The last section in the special features feels a bit out of place. "Cameron Duncan: The Inspiration for 'Into the West'" is a 32-minute featurette that focuses on a young New Zealand filmmaker who was the inspiration for the song that closes The Return of the King. We learn about him and his struggles with cancer, and get to see clips of his work, but it doesn't really feel particularly relevant or compelling.
All in all, the sheer volume of material on The Return of the King is a bit exhausting as well as exhaustive. It's still a very impressive set of special features with many interesting segments, but there's not quite as much truly fascinating stuff here as in the two earlier DVD sets.
The Return of the King: Extended Edition is a vastly better film than the theatrical cut, and it's within a hairsbreadth of being as phenomenal as The Fellowship of the Ring: Extended Edition. While there are a few things that don't work quite as well as they might have, like Arwen and the slightly overlong ending, the extra material in this version of The Return of the King really makes it shine. There are few scenes that I can point to specifically as tipping the balance: it's more that the film is now better paced and more fully developed, and now all the pieces fit together into an extremely satisfying whole.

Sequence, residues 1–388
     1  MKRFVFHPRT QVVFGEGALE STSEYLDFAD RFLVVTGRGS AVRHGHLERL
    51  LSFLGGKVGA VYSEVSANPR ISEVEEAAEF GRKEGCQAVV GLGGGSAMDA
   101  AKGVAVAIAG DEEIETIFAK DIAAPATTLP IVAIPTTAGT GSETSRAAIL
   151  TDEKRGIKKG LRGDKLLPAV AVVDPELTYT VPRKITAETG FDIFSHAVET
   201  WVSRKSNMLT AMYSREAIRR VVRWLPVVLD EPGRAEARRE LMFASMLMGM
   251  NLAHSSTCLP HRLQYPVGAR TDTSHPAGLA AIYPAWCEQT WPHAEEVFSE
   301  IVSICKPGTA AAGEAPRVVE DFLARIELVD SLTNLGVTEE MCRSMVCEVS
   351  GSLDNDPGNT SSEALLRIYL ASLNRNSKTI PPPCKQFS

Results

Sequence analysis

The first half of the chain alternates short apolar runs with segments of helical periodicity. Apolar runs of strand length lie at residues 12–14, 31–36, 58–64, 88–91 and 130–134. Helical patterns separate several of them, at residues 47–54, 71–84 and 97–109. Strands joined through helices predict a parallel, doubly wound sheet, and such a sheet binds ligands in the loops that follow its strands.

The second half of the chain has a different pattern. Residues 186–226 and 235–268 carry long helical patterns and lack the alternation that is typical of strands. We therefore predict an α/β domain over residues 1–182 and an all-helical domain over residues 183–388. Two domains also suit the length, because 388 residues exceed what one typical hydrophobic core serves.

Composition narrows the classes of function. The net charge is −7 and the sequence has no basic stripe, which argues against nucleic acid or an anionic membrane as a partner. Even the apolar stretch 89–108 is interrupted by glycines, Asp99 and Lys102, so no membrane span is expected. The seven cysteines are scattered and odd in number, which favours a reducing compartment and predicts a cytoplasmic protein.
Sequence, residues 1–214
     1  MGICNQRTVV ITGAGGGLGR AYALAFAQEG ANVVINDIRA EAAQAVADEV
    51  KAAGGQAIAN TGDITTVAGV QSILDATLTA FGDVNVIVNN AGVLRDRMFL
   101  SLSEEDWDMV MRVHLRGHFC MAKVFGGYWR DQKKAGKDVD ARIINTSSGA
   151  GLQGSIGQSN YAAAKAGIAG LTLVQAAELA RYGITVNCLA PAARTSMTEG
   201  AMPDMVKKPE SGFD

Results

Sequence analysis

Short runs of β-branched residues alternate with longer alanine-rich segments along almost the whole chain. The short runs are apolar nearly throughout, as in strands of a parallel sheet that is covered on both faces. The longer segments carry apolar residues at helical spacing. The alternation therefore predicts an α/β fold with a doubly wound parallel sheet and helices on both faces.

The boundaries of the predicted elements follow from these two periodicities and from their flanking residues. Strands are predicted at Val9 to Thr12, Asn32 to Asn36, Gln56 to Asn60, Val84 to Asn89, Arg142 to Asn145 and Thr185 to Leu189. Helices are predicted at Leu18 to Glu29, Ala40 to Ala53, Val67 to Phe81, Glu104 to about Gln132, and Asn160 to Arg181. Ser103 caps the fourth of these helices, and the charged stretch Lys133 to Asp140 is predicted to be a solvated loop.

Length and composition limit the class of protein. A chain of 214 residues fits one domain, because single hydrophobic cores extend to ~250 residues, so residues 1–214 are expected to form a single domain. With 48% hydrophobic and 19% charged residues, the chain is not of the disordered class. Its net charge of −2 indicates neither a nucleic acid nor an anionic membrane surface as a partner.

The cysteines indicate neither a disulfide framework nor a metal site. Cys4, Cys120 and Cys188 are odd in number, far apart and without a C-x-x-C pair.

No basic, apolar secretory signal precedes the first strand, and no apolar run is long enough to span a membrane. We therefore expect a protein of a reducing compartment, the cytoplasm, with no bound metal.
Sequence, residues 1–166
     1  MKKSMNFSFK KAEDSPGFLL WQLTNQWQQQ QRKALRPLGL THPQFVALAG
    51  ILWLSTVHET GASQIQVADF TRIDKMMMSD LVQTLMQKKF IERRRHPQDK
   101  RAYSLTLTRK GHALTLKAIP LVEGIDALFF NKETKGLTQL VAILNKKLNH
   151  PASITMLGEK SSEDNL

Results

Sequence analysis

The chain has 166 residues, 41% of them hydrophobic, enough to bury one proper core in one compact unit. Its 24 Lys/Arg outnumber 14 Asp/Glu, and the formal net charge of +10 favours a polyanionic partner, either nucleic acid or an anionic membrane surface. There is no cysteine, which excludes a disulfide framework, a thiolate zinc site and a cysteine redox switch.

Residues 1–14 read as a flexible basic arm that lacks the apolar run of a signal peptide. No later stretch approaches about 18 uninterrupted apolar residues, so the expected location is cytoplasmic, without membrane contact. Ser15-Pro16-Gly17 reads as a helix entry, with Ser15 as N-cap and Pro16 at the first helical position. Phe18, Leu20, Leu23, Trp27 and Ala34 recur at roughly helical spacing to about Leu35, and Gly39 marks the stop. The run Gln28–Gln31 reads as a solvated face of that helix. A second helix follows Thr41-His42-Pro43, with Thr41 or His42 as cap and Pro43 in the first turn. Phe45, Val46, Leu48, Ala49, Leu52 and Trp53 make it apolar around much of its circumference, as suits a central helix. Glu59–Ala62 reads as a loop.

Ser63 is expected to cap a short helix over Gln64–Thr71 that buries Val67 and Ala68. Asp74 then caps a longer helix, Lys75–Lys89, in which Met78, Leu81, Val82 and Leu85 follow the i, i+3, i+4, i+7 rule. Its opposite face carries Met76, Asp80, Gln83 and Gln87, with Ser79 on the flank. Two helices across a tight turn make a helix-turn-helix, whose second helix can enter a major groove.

I've given it a relatively low replay value simply because it's so long: watching a four-hour film is basically something you have to schedule your day around, rather than something you can just do on an whim. I'd say that the film itself will stand up quite well to viewing multiple times, though, so it's definitely worthwhile to have in your collection, even if it doesn't get watched as often as other films.
On top of being a fantastic movie, The Return of the King boasts a reference-quality video transfer and knockout DTS sound, so really this is a film that amply deserves to be part of the DVDTalk Collector's Series. It's a fabulous way to wrap up the long, exciting journey of The Lord of the Rings.